With the conclusion of the Paris climate conference in December, global warming went from being the kind of problem politicians like to being the kind of problem they hate.
For at least the past year, the conversation about climate change centred on what kind of agreement Paris would produce. And so politicians got to posture, to say quotable things, to appear world-leaderish. As the talks were about to begin, for instance, Australia’s environment minister, Greg Hunt, said it was his “deepest hope and belief” that the world would reach a strong agreement, adding that it was “a deeply personal goal and commitment, as well as a national objective”. During the talks, he revealed that he, and Australia, was acting as a “broker” to make sure that the push by island nations to limit warming to an increase of 1.5 degrees Celsius would at least be “referenced” in the final accord. “Clearly [it] won’t end up as a formal goal of the text,” he said, since some nations would veto it, but he was “trying to be constructive by providing a pathway” so it could be mentioned.
And indeed he, or someone, was successful in the effort, for the final text, solemnised by all the leading politicians of the planet, including those from Australia, pledges them to “holding the increase in the global average temperature to well below 2 °C above pre-industrial levels and to pursue efforts to limit the temperature increase to 1.5 °C above pre-industrial levels, recognising that this would significantly reduce the risks and impacts of climate change”.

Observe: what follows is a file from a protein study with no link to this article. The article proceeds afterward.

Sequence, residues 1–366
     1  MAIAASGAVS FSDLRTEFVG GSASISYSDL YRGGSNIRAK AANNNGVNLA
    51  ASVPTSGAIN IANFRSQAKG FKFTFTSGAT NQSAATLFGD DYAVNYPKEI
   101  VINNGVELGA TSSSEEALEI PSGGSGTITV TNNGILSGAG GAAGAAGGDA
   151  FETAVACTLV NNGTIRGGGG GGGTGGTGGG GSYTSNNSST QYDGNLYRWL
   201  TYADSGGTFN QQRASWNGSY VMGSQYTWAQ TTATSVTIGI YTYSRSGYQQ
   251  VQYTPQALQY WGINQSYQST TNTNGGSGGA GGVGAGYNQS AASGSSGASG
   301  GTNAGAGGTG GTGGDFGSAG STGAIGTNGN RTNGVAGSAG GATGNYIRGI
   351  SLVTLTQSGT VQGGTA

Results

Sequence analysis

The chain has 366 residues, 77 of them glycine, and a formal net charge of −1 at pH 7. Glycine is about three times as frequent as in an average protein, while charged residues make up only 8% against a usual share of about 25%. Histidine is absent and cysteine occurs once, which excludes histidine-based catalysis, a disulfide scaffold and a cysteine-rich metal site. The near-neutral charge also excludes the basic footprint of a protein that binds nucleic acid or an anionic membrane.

That’s a remarkable sentence. It lays out in no uncertain terms the most ambitious project the world has ever embarked on. The US secretary of state, John Kerry, called it “a victory for all of the planet and for future generations”. India’s environment minister termed it “a new chapter of hope in the lives of 7 billion people”. Not to be outdone, a beaming Mr Hunt pronounced it “arguably the most important environmental agreement ever”. Champagne corks were popped, backs were pounded, the Eiffel Tower was specially lit.
And then it was the next day.
Say you really are going to hold the temperature rise of the planet to 2 °C. We know with some precision what you’d have to do. A study published in Nature about a year ago, led by Christophe McGlade of University College London, looked at all the world’s fossil-fuel reserves, and found that most of them would need to stay in the ground. You couldn’t, for instance, drill for any oil or gas in the Arctic – those reserves would have to stay untouched. Countries like Australia and the US would need to leave around 90% of their coal reserves underground.